Chapter 4: Just a Few Friends
I glance at the clock: 9:51 pm. It’s been six hours, and I’m still working on this god-forsaken PowerPoint presentation. The afternoon has been one of interruptions.
First, my mom calls me to ask about graduation tickets. I only reluctantly agree to send her the seven tickets she requests. Second, right before dinner, my roommate stumbles into the room, bleeding all over the place. (He fell off his bike. I helped him clean his cuts in hard-to-reach places.) Third, my sister texts me to demand that I call her—why she just didn’t call me, I’ll never know—because Mom and Dad are upset about how terribly I’ve been treating them. It turns out that they expect me to crawl home and grovel for their forgiveness, which they’ll only then reluctantly grant.
I’m in far from the best of moods when my cell phone begins playing the opening bars of “Viva La Vida”—the ringtone for people not in my contacts. I almost don’t answer, but then I notice the number. A 650 area code; that’s Palo Alto.
I flip open the phone. “Hello, this is Blake,” I answer, trying to sound chipper.
“Blake! It’s Leslie Jensen. I’m so sorry to be calling this late, but I just got home—”
She just got home? It’s almost 10:00 on a school night.
“And I realized that it’s already Wednesday. I have no idea where the week’s gone.” She places a hand over the phone, and hollers something about finishing homework. Hopefully, she’s talking to Addison.
“Sorry about that. Anyway, I know it is late notice, but I was wondering if you were free this Friday. We’re having a little get-together. It’d be a wonderful chance for you to meet everyone.”
My weekend plans consist of studying for tests and finishing heretofore procrastinated-on projects, but that might have to change.  My employment contract, signed and sealed, still hasn’t been sent. It’s not that I’ve been avoiding the issue. I just haven’t gotten around to it. I suppose I can look at this dinner as a final interview, one last chance to make sure I’m doing the right thing. Besides, waiting one more day to tackle the work I should’ve started last month isn’t anything new to me.
I make a decision. “Sure, I’m free.”
“Great. We’re having dinner catered at our house. Just a few of William’s and my closest friends and colleagues. And the kids, of course. I’m not sure when we’ll actually sit down for dinner, but everyone’s coming straight from work. You should be safe getting here by 7:30.”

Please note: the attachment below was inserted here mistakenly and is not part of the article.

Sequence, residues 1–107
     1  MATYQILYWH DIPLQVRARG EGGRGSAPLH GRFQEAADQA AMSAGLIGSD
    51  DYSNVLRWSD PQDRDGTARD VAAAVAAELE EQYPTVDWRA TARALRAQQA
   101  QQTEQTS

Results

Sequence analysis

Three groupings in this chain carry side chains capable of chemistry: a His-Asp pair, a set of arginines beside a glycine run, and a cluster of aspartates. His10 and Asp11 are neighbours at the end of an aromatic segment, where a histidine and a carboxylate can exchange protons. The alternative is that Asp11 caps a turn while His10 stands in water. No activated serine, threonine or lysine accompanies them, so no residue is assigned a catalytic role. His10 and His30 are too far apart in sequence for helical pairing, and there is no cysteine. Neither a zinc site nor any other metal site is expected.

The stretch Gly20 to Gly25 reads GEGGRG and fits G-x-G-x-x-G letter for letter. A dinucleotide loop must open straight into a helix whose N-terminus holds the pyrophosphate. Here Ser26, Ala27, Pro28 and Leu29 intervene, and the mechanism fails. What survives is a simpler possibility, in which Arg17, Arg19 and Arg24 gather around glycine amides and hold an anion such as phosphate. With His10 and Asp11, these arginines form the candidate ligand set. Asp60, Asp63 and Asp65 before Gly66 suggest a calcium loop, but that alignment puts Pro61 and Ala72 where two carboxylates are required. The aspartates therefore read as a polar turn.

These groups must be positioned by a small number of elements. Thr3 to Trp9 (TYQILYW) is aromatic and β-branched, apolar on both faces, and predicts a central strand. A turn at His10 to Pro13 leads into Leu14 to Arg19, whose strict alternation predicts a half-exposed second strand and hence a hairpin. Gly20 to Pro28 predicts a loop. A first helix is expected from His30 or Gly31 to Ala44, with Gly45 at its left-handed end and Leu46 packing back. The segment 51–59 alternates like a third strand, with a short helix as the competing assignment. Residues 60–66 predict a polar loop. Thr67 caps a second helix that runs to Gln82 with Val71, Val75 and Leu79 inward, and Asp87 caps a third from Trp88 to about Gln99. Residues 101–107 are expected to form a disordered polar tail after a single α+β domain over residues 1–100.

“Should I wear anything in particular?”
“A couple of guys will probably still be in suits from work, but something casual is fine. A button down shirt and slacks work. A jacket if you want.”
Mrs. Jensen’s hand slips over the phone’s mouthpiece again. This time she yells about not eating after brushing your teeth. Now I suspect that she may indeed be talking to Oliver.
“Sorry. I’m trying to corral the kids. Oliver’s just finishing up his homework.”
“Ah, right. I’m actually doing the same thing,” I say, chuckling weakly.
Mrs. Jensen’s tinkling laughter joins my chuckle. “Well, then I’m sure you can relate! By the way, I’ll hire a taxi to pick you up for dinner. William has some great bottles of wine he’s been saving. Shoot me an e-mail with where to send the cab.”
I’ve never had someone offer to hire a cab to pick me up for a party. If this is what mannying for the rich and powerful will be like, I could get used to it real fast.
I swallow my surprise. “Okay, great.”
“Super.” There’s a slight pause, and then she says, “I’m sorry. Bryce won’t stop calling me. I have to run and tuck him in. See you Friday!”
“All right. Thanks.”
She has to tuck Bryce in? Ten o’clock seems like an awfully late bedtime for a four-year-old. But then, maybe he only does afternoon session at preschool. One of parenting articles I read recently said that toddlers and preschoolers can have awfully odd sleeping patterns. Worse than even teenagers, sometimes.
I set aside the phone and turn back to my PowerPoint presentation. I can’t wait until I’m done with all of the papers and projects and out playing in the park with the Jensen kids. The occasional catered dinner won’t hurt, either.

Tuesday, August 7, 2012

A Soviet Dream: What did Stalin's Bathroom Look Like?

A couple weeks ago, I had a wild dream. I wrote it up the next morning then completely forgot about it. A friend just told me about her dream, reminding me of mine. So herewith is the post.

In the last couple days, I have:

1) Edited an article on the Soviet party and state.